feeling-dizzy

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Aug 12, 2014
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As a "real" non-grad, you don't need LOR from professors, they could come from your employers instead
 
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Dohnut
Oct 8, 2013
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Pharmacist
What about asking your pharmacy school professors? They are still science professors that gave you a grade and that was in 2009 which isnt ridiculously far away to be honest.
Problem with that is that I graduated pharm school in 2009, but did not set my mind on medical school until 2013. And my pharm school got a new Dean and there's been one too many faculty turnovers.

But I really appreciate your input Gandhi741!
 
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Dohnut
Oct 8, 2013
289
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Pharmacist
As a "real" non-grad, you don't need LOR from professors, they could come from your employers instead

Yes that'd make absolute sense as no professors would be able to foresee that I'm applying to med school a few years down the pharmacist gig. And letters from science profs 10+ years ago cannot describe the person, healthcare professional, and med school applicant that I am today. I actually contacted PCOM and GA-PCOM, both of em were being very rigid on the science prof letters and employer letters won't count.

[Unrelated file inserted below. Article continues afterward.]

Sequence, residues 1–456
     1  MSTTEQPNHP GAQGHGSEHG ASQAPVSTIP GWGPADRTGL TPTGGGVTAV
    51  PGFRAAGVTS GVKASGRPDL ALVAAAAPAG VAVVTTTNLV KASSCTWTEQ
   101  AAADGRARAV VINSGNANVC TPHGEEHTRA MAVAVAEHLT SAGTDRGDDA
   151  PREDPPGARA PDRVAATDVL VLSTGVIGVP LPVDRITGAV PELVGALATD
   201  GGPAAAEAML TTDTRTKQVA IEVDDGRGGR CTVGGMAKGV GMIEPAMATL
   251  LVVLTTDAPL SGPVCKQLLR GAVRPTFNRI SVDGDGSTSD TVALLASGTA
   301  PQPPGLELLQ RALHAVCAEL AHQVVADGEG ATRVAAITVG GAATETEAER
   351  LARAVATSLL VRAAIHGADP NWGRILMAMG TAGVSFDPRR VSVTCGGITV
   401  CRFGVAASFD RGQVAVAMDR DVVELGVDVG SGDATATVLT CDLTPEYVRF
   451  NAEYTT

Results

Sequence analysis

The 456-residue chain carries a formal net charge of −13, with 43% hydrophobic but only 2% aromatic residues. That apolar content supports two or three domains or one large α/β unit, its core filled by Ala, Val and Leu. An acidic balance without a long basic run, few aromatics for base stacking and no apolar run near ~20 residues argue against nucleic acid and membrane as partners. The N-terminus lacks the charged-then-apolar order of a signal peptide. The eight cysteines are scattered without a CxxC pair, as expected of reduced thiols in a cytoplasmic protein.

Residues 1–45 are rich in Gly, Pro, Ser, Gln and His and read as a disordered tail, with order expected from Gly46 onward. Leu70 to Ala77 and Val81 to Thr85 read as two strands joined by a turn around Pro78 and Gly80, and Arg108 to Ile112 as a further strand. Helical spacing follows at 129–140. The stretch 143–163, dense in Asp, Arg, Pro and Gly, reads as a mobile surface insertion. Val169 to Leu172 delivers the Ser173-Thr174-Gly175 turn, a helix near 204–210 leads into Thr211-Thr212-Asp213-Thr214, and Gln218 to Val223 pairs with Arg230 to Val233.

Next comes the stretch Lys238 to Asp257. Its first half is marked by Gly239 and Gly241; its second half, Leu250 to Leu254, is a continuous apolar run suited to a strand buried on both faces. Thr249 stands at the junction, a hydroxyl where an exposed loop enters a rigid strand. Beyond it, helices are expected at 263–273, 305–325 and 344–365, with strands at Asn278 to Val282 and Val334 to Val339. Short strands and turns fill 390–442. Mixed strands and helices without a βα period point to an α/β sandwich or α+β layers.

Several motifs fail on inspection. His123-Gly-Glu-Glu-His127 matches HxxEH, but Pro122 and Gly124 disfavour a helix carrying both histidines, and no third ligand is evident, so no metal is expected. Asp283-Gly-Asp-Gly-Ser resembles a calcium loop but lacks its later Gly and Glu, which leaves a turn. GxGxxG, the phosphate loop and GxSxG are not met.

Feels like most med schools prefer fresh college grads with inappropriate, pointless or simply impossible letter requirement that's the same for college juniors for the non-trads who made up their mind on a career in medicine years later.
 
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Dohnut
Oct 8, 2013
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goldy490work: 16853643 said:
You could enroll in a science course at the local community college and try to get an LOR out of it? Some of those schools offer evening or weekend classes, and usually are pretty cheap.
Thanks for the workable idea! Except I have to work full time to support family so got no time or $$$ for that. Besides, I got kickass prereq grades all from the best school in Texas in the University of Texas at Austin as opposed to some no name community colleges or post-bac.
 

feeling-dizzy

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Aug 12, 2014